Concept

The English High School

Summary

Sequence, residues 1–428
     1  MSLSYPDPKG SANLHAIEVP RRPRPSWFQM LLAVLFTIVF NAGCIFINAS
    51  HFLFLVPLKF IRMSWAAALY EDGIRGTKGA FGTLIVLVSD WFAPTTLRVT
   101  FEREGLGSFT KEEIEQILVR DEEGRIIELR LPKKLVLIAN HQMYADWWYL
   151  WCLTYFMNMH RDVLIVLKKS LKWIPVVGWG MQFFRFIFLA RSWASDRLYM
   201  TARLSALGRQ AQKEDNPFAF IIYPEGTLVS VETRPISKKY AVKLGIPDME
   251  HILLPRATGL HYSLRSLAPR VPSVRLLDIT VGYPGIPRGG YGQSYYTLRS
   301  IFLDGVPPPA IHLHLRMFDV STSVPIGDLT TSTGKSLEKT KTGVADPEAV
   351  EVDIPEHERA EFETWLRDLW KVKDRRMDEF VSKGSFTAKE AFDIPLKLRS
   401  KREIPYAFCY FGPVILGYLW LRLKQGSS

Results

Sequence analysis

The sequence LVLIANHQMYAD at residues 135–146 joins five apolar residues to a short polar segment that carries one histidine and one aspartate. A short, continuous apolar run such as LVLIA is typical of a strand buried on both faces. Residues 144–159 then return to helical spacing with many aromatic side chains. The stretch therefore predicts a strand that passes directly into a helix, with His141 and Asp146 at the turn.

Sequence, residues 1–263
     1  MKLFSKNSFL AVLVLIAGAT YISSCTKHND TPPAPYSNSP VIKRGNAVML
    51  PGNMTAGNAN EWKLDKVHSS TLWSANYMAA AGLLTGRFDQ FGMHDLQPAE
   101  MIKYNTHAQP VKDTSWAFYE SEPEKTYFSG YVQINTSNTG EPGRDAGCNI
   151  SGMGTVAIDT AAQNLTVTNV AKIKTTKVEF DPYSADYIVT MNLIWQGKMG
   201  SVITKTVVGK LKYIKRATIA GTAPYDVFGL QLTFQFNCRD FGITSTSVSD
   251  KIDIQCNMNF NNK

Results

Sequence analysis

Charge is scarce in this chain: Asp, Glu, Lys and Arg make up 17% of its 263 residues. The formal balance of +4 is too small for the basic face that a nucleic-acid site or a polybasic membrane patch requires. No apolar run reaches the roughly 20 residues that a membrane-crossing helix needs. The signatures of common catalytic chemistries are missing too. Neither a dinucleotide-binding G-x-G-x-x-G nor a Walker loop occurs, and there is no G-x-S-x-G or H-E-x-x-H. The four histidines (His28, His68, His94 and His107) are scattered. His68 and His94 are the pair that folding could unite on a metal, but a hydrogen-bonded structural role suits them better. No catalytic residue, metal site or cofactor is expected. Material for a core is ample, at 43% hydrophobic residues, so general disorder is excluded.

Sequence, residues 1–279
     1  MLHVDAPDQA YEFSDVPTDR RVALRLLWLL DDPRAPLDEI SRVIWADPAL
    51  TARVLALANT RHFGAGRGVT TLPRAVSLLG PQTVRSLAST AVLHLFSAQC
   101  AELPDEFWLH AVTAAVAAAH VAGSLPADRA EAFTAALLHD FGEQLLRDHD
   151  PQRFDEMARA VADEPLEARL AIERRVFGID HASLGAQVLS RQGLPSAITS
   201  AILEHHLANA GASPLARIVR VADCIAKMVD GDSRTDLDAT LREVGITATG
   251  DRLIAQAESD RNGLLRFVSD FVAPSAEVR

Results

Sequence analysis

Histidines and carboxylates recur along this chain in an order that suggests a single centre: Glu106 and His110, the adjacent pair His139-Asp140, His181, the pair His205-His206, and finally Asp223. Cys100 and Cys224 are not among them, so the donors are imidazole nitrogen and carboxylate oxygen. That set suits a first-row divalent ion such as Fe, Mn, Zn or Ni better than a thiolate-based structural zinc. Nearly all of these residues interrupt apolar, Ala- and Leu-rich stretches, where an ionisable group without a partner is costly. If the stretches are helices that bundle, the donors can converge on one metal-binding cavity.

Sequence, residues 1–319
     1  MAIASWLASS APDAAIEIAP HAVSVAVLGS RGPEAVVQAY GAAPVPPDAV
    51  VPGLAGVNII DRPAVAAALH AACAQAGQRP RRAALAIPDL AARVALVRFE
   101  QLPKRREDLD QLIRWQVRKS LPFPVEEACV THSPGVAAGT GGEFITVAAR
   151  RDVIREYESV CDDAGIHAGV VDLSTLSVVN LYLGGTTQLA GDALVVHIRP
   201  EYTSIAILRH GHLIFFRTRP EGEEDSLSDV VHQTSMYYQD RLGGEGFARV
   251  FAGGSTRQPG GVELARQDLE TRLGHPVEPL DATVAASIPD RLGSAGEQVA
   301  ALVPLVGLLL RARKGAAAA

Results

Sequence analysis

The English High School in Boston, Massachusetts, founded in 1821, is one of the first public high schools in the United States. Originally called The English Classical School, it was renamed The English High School upon its first relocation in 1824. The current building is located in the Jamaica Plain neighborhood of Boston. The school is a part of Boston Public Schools (BPS). Boston English was created at the urging of the Massachusetts Charitable Mechanics Association and was modeled after the Royal High School in Edinburgh, Scotland. The School Committee to establish English High School was chaired by Samuel Adams Wells, grandson of former Governor Samuel Adams. Its first headmaster was George B. Emerson, an early leader in educational reform. English, like Boston Latin School, only admitted boys when established—although a separate high school for girls was established in Boston by Emerson in 1824. Boston English became coeducational in 1972, 151 years after its founding. Boston English has had seven locations. Its first site was on Derne Street at the rear of the Massachusetts State House and is marked by a metal plaque. Its second home was a building, which is still standing at the corner of Pinkney and Anderson Streets, which eventually became the Phillips School, a school for then free born and emancipated African-Americans before the American Civil War. From 1844 to 1922, Boston English was adjacent to the Boston Latin School, first near downtown Boston and then in a building (now demolished) on Warren Street in the South End. From 1954 to 1989, Boston English was at 77 Avenue Louis Pasteur, across the street from Boston Latin at 78 Avenue Louis Pasteur. This site is now part of Harvard Medical School. The motto of the school has been: "The aim of every English High School boy is to become a man of honor and achievement." The current motto of the school is "Honor, Achievement, Service to Mankind".
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